We found shorter procedure times in exclusively TOE guided interventions. This finding is biased by the fact that most of these interventions using TOE guidance alone were performed in the later period. Multiple different reasons have potentially influenced these shorter procedure times, e.g., less performance of haemodynamic assessment, less balloon sizing, use of multiple different devices, and an increasing operator experience over time. Causal for the greatest part of this reduction in procedure time might be the fact that in standard cases (i.e., single ASD) no haemodynamic assessment (oximetry, calculation of Qp/Qs) was performed. As a matter of fact, the indication for ASD closure is based on preinterventional TTE measurements. Moreover, haemodynamic assessment (i.e., Qp/Qs calculation) generates no relevant additional information in most routine cases. Already in 1985, Shub et al. proposed to avoid cardiac catheterization before surgical ASD [32]. This group could not find a difference in operative deaths or perioperative complications. Ewert et al. also questioned haemodynamic assessment in uncomplicated cases [21] and reliance on clinical and echocardiography assessment is well described in literature [33, 34].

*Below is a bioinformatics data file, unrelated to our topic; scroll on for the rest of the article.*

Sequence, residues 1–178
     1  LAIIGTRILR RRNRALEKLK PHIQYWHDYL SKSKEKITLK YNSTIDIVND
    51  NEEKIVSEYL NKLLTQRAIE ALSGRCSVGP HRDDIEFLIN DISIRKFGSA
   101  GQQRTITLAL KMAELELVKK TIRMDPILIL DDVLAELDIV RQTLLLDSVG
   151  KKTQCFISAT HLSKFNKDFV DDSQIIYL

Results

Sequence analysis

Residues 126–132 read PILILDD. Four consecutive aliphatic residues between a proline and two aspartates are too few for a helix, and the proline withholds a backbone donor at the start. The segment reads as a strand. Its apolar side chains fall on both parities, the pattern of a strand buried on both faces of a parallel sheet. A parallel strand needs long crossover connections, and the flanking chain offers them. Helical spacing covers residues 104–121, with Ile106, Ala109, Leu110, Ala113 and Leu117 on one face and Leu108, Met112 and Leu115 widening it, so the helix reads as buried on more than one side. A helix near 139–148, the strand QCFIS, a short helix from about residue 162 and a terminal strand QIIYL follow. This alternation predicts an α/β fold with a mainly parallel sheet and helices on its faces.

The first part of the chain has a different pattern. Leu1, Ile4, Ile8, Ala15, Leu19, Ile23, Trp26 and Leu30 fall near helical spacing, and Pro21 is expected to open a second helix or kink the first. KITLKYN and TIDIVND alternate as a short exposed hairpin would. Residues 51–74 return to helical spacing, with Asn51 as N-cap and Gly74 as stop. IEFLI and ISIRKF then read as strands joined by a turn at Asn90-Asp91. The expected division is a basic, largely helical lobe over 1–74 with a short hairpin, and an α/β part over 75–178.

Obviously, TOE guided interventions have the advantage of lacking radiation exposure. In our study the median radiation exposure in the fluoroscopy guided ASD device closure group was 3.4 Gy x cm2. With the use of new fluoroscopy imaging systems, radiation exposure can be reduced even if there were no other changes in interventional practice. Haas et al. studied a new X-ray imaging technology (Philips AlluraClarity, which is nowadays also used in our institution) and showed that there is a reduction of radiation dosage of 56% or more, especially in interventional ASD closures [35]. Further modifications should be evaluated and considered by the operator during the performance of interventional work (e.g., necessity for hemodynamic assessment and/or balloon sizing, use of low frame rates, limited cine acquisition, and use of single projection) to further reduce radiation exposure in general.